According to a report from PC World, Japan’s Fuji Xerox has sent a team of 259 employees to Ishinomaki in Japan’s Miyagi prefecture to help digitize an estimated 7,000 to 10,000 documents that were damaged in last year’s disaster. The report cites company spokesperson Shungo Moriya as saying that this is just a test, but it could be the start of something bigger:
We sent the employees along with two of our scanner-copiers as a sort of trial. If this is successful, we will consider continuing and expanding to other regions
The company also launched an initiative last last year to launch a Dropbox-like cloud storage system that allows documents to be uploaded by scan or fax, and accessed by computer or phone.
For Japan, a nation which despite it’s high-tech reputation, is still very much dependent on low-tech paper solutions in the office (fax machines in particular), it’s likely to be a difficult adjustment for many.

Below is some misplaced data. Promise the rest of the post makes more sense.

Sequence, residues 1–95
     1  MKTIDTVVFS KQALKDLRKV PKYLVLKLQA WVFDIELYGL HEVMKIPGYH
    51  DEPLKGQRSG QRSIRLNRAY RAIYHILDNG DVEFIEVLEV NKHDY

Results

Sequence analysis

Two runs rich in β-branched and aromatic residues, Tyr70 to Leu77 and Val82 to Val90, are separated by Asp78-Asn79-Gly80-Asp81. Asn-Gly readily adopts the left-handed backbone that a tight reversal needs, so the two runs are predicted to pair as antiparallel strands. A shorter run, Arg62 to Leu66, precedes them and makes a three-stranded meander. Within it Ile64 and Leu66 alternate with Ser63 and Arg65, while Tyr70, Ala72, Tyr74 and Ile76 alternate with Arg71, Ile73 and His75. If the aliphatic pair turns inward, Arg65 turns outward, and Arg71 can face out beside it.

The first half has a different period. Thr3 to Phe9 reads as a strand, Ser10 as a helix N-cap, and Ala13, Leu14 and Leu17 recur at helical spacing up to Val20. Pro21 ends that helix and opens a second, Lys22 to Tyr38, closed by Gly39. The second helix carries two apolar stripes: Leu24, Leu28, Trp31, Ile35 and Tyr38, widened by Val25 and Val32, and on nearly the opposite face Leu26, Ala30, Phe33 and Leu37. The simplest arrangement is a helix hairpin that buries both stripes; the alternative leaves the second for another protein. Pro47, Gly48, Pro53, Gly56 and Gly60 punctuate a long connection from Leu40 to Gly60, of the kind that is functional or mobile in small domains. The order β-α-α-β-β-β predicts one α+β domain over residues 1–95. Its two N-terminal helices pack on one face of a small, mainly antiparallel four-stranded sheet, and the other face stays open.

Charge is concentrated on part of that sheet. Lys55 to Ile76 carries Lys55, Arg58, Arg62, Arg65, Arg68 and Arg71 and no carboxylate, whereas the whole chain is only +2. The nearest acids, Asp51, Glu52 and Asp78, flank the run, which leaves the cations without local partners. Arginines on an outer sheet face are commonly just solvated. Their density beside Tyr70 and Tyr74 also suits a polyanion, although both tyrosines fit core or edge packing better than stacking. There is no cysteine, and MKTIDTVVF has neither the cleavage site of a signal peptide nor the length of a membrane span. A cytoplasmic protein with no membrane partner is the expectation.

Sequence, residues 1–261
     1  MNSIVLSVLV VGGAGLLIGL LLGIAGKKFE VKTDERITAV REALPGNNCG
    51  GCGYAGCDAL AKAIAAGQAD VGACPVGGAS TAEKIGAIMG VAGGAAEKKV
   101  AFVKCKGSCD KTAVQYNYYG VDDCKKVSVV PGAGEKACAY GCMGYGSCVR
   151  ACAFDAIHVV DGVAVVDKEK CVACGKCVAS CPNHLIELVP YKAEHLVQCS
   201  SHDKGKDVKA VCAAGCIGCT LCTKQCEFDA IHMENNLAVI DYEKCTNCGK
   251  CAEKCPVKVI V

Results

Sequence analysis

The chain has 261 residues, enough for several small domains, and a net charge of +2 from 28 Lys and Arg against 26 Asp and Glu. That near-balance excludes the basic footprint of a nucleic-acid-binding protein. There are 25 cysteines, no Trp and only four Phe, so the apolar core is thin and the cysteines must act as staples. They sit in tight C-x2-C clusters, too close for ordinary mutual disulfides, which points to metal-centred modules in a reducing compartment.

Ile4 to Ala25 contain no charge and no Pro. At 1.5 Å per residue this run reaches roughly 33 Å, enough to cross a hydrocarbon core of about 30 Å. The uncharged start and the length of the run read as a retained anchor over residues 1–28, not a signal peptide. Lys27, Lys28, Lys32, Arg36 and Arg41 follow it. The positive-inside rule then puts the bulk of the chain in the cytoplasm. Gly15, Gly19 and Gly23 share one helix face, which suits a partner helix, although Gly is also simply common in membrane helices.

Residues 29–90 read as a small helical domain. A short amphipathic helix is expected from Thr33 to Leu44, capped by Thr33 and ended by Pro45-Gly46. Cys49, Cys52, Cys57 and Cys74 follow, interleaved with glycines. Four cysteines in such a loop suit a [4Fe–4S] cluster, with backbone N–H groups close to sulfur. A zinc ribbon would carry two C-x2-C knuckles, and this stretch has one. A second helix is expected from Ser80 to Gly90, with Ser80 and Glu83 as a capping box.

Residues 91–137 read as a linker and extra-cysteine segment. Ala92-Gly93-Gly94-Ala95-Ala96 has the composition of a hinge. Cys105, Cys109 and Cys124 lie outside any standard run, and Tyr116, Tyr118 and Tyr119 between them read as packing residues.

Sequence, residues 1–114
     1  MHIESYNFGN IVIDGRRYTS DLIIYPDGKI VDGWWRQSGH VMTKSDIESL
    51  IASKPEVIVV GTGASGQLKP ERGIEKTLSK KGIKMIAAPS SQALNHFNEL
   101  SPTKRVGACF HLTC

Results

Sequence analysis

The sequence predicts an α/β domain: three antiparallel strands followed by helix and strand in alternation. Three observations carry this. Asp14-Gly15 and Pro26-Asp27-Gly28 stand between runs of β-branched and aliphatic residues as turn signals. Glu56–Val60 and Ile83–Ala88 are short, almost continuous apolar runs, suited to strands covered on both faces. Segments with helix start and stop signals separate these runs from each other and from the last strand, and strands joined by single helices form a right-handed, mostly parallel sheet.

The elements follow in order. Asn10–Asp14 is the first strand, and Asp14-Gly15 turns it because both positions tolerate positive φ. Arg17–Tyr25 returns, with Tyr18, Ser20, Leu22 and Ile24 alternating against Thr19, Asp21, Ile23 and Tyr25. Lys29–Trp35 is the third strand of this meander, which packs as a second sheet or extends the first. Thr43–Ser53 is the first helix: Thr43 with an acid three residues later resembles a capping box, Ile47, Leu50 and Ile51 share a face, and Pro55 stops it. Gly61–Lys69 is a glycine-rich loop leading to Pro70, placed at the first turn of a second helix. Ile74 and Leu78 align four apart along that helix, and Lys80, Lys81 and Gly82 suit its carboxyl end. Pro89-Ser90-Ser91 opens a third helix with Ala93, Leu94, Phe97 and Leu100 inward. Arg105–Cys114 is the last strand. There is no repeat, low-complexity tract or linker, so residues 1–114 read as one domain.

But the need for decentralized and disaster-proof document storage has been discussed before – see this discussion of a ‘municipal cloud’ solution – and certainly local governments will clearly see the advantages of new document storage now more than ever.
It’s good to see this kind of effort, although the problem of restoring damaged documents must surely be an enormous task in affected regions given the scope of the disaster.